5. After steeping, toss in a dash of dried Thai chili flakes for an extra kick. No need to strain.

NOTES

  • This cocktail recipe yields one drink.
  • The five-spice turbinado syrup lasts up to two weeks refrigerated and will yield well over a dozen cocktails.
  • This cocktail recipe is totally batch-able! Make a large batch in advance and store in the refrigerator. Only add ice once you are ready to serve the cocktails.
  • What exactly is five-spice powder? Five-spice is a combination of five or more spices used in traditional Chinese cuisine. It is usually a combination of fennel, Sichuan pepper, star anise, clove, and cinnamon. It’s exceptional with savory meats like duck, pork, or goose, and it pairs perfectly with the woody, spiced, slightly sweet tone of this particular bourbon whiskey.

THOUGHTS ON THE COCKTAIL

I was super excited to try the newest release from Colorado’s Leopold Bros. – their straight bourbon whiskey. Not only is their recent rebrand by Denver’s Consume & Create sleek and gorgeous, this spirit also proves it is delicious on its own, as well as a superb mixer. Coming in at 90 proof, the bourbon whiskey is a mixture of 64% corn, 21% two-row barley and a touch of various brewers’ malts, and 15% Abruzzi heritage rye. It’s pot distilled, unfiltered, and aged four years in charred, new, American, white oak barrels.

Jen’s inspiration for this particular cocktail came from her love of the sweet-spicy flavor combination. At Q House, a James Beard Award nominee for Best New Restaurant this year, her team cooks with five-spice seasoning (a traditional combination of fennel, Sichuan pepper, star anise, clove, and cinnamon) and she thinks it is such an interesting ingredient, especially when paired with such an amazing bourbon whiskey. The sweet notes of Leopold Bros. straight bourbon whiskey are a natural match for a kick of spice and the savory notes of five-spice seasoning.

HOW TO USE THE CLASSICS TO CREATE COCKTAILS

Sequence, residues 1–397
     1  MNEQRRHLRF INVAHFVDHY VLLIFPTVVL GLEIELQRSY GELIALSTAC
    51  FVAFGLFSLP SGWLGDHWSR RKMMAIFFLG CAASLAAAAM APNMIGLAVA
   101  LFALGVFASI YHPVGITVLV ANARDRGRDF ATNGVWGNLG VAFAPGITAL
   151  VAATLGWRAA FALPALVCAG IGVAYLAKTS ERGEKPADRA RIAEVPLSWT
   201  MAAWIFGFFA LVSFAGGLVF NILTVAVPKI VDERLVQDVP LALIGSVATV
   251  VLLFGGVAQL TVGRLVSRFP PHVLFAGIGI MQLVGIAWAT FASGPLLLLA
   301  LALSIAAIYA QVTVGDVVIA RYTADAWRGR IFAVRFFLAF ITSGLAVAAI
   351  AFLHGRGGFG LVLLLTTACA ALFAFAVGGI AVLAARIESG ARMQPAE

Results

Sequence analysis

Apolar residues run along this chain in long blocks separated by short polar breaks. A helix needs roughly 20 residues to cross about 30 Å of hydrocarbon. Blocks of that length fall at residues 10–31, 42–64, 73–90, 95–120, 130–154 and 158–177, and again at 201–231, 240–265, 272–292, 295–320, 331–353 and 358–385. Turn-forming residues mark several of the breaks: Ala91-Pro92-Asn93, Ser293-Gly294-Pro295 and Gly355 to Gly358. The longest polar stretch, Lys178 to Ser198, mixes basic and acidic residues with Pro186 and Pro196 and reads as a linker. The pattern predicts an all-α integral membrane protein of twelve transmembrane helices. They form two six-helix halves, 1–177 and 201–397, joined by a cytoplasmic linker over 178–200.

I often get asked how to go about creating cocktails when first starting out. Learning how to make a balanced cocktail takes time, but getting there requires the best form of homework – mixing and drinking! Instead of trying to experiment by throwing a bunch of well-intended ingredients together, I suggest learning the basics – how spirits, flavors, textures, and aromas actually work together.

Master some of the classic cocktails, like the Old Fashioned or the Manhattan or the French 75. Then start to make your own riffs on those, like Jen’s Five-Spice Old Fashioned. Experiment with swapping out a different spirit, making a seasonal syrup, or subbing in a different form of bubbly. You’ll find which ratios work well together and why certain cocktails are either shaken or stirred.

One of my favorite classic cocktails is the Negroni, and I have shared several versions both here on the site and in other publications. It is a great classic to experiment with because it is equal parts gin, bitter, and sweet vermouth. Classically, it uses Campari as its bitter component, but there are so many different amari on the market today (and gin and vermouth versions, for that matter), so it is quite fun to play around with substitutions.

Here are a few of my own riffs on my favorite classic cocktail:

I will close with the dinner’s menu and more photos from the evening’s celebrations and courses. We are gearing up for our next Colorado FIVE dinner tomorrow night at Grand Junction’s Bin 707 Foodbar, hosted by owner and executive chef, Josh Niernberg. I’m off to go and make sure our irrigation system is ready for a short break and finish lopping the rogue elm trees that keep popping up within the vines.

It is a never-ending string of chores and tasks here at the vineyard, leading up to harvest. I’m just happy I get to escape tomorrow night, enjoy some amazing food and drinks, and pretend that I don’t have an epic to-do list ahead of me.